Editor’s note: This is the first of a three-part series. Traditional bacterial culture has been the “gold standard” method for the identification of mastitis-causing bacteria for many years. However, traditional culture is a slow and time-consuming process that allows dairy cattle with subclinical or clinical mastitis to commingle with their herdmates, potentially allowing for the spread of contagious mastitis bacteria.

CEO / Lancaster Dairy Herd Improvement Association

The simplest traditional culturing tests require 24 to 48 hours for the growth of gram-positive or gram-negative mastitis bacteria, whereas the detection of fastidious bacteria such as Mycoplasma species may take between 10 to 28 days with traditional culture methods and requires the use of specialized culture media.

Additionally, bacteria do not always grow as part of traditional culture in a substantial proportion of mastitic milk samples – leading to the reporting of culture-negative results. A culture-negative result for a milk sample is not only frustrating for the dairyman and the veterinarian, but also for the laboratory responsible for providing the culture results.

There are many possible reasons for culture-negative results with traditional culturing: a low concentration of bacteria in the milk sample, bacteria requiring a specialized media for growth, the presence of inhibitors in the milk sample which can reduce the viability of the bacteria or the improper transportation of the milk samples to the laboratory.

Each of these is a reason for a potential report of a culture-negative result and need to be taken into account.


In order for an accurate determination of any bacteria in non-preserved milk samples, the milk samples have to be kept cool (on ice), refrigerated or frozen during transport to the testing laboratory. The requirement for the use of non-preserved milk samples can be a significant hurdle for the laboratory and dairyman in receiving accurate results.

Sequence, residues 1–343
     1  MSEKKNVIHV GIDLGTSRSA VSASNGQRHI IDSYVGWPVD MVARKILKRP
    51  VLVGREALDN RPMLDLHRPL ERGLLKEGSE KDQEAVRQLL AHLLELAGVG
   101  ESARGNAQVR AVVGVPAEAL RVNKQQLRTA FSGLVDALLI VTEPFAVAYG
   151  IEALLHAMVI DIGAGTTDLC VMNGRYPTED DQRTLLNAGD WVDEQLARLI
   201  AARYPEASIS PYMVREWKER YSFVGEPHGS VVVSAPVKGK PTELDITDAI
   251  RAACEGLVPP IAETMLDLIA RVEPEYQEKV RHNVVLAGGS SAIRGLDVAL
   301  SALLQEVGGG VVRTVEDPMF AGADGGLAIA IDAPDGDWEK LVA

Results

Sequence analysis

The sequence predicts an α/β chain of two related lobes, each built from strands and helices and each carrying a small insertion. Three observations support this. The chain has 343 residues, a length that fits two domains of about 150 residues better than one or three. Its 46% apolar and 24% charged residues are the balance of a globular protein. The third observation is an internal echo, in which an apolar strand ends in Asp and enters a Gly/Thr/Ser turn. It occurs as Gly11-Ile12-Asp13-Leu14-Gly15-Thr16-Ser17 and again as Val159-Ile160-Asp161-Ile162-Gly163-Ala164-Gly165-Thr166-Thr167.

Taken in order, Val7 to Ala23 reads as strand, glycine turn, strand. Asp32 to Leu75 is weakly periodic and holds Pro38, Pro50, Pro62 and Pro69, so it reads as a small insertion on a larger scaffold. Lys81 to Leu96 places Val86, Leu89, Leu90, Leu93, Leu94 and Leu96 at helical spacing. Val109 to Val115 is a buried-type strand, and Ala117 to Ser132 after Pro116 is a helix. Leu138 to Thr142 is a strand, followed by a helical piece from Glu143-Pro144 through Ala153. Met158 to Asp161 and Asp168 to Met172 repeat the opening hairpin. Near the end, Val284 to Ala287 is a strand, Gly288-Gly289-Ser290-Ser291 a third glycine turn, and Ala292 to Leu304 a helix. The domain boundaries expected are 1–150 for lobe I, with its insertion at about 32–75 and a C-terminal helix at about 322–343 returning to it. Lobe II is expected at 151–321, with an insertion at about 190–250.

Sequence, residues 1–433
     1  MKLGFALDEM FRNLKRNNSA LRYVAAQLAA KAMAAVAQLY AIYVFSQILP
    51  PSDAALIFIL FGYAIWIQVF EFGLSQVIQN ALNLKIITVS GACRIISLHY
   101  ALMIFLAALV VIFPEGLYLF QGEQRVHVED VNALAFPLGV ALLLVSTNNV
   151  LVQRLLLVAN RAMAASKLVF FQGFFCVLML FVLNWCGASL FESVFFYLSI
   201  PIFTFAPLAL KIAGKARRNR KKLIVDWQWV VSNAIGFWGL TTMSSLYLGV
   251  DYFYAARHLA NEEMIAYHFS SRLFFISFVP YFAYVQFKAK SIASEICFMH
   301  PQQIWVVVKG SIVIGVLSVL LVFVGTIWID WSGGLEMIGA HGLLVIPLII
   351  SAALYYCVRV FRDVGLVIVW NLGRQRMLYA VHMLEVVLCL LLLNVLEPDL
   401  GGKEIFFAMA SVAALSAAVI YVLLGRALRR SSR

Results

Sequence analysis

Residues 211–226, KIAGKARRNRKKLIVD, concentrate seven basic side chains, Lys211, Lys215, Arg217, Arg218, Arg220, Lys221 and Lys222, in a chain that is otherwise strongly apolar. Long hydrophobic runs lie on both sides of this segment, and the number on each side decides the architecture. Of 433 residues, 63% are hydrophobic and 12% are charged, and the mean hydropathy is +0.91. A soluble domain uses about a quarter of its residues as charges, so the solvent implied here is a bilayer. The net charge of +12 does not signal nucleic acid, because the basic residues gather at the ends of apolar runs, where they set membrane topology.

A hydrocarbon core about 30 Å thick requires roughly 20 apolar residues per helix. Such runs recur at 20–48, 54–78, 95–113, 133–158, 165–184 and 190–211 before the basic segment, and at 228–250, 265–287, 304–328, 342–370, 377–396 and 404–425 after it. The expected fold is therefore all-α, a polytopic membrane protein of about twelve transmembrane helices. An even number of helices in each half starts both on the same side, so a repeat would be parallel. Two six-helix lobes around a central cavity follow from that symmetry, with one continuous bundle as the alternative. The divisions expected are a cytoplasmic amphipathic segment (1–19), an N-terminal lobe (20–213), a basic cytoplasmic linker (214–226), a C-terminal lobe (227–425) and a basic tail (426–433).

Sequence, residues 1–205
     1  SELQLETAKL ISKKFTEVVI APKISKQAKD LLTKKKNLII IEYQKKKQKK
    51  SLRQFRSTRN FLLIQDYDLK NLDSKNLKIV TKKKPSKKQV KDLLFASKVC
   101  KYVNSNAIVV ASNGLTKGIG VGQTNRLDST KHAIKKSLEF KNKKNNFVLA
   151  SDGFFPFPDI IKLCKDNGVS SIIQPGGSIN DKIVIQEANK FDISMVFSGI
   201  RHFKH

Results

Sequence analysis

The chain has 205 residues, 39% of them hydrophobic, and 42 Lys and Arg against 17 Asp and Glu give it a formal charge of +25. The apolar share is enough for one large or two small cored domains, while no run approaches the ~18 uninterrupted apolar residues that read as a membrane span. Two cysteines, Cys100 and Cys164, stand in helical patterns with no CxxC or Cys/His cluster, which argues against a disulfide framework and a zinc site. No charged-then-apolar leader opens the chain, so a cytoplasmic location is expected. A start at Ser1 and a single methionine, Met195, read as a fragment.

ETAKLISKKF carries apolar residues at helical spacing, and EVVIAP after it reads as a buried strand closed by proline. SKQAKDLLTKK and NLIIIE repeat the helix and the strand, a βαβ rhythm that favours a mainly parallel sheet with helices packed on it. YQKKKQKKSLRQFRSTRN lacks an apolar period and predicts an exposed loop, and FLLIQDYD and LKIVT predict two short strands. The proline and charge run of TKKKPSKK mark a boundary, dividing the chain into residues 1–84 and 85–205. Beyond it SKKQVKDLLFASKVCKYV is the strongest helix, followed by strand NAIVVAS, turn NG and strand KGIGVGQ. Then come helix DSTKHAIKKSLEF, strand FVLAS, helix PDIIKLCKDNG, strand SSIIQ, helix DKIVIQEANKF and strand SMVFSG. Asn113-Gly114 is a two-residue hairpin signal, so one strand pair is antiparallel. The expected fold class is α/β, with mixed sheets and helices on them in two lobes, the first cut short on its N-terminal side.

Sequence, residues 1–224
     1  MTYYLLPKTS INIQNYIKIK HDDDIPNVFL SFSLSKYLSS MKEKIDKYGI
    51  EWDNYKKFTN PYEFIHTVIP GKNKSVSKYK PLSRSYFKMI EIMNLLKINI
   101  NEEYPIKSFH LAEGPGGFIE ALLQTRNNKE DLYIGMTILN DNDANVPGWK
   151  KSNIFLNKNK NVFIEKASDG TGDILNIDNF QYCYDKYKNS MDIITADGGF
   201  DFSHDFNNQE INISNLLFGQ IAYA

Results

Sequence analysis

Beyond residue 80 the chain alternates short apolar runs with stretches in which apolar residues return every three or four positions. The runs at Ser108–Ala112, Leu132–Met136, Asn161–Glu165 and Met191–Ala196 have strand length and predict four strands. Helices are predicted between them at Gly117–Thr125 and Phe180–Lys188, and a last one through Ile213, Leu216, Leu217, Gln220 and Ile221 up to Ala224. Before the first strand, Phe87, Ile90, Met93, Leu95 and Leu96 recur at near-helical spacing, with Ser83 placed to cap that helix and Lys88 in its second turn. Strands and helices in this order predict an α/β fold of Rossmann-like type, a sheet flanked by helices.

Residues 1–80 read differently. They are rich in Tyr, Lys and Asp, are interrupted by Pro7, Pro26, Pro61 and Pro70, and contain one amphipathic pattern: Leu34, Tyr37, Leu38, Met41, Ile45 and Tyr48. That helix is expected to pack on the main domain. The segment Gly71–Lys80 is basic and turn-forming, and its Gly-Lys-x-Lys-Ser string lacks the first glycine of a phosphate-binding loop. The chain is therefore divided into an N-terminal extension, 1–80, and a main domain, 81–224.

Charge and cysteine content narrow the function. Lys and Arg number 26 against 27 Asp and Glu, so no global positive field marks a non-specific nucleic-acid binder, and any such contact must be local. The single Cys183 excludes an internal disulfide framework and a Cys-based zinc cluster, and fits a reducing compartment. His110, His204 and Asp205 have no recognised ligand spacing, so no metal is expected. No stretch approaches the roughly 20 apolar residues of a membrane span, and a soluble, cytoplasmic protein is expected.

This requirement adds additional cost and time as factors in the overall expense of traditional culturing compared to polymerase chain reaction (PCR) mastitis assays that can utilize both non-preserved and bronopol preserved milk samples.

Not only does the use of a PCR assay for the detection of bacteria negate the need for special handling of the milk samples – it also provides objective, specific results within a few hours after the sample has been received at the testing laboratory.

PCR-based assays are a fast, convenient and accurate laboratory test for the identification of bacteria responsible for bovine mastitis, but better herd management has been achieved through its use.

As I like to say to dairymen when talking about this assay: “Almost every farmer has a pickup truck and a manure spreader. Each of these tools is designed for a specific job and they do that job well. The truck is great and the spreader is great, but they do not normally work together.

But they can, and when they do, they are much more powerful and effective. So what can you do instead of treating the right mastitis with the wrong drug? Well, first you need to find out what you’re fighting and then work with your herd veterinarian.”

By knowing what is causing the mastitis on their farm, the dairyman and their herd veterinarian are able to use the appropriate antimicrobial drugs. Armed with this knowledge, they may see a decrease in the total treatment duration or a reduction in the use of unnecessary broad-spectrum antimicrobials.

One of the most common questions I receive is about the cost of the PCR test compared to the traditional culture test. The answer to that question is very simple and logical, when properly explained.

The PCR test does cost the dairyman a little more than twice as much as a traditional culture, but when you factor in the cost of repeat testing of culture-negative milk samples, the additional cost of handling and transporting non-preserved milk samples, along with the speed and accuracy of the PCR test, the cost is really equal between the two test types.

There have been a few recent articles about the use of other PCR-based assays (Nucleic acid sequence based amplification [NASBA] and single strand conformation polymorphism [SSCP]) and how their costs are significantly higher and, therefore, not competitive with traditional bacteria culture methods.

One reason for the increased costs of these other PCR methods is primarily due to them being used exclusively in research settings, without commercial applications. PD

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Lancaster DHIA has been using PCR-based asssays on milk samples since October 2010.

TOP RIGHT: High says effective milk sample testing and mastitis treatment protocols require traditional and PCR, or DNA-based, tests. Each is designed for a specific task, but they are most effective when integrated together. Photo illustration by PD staff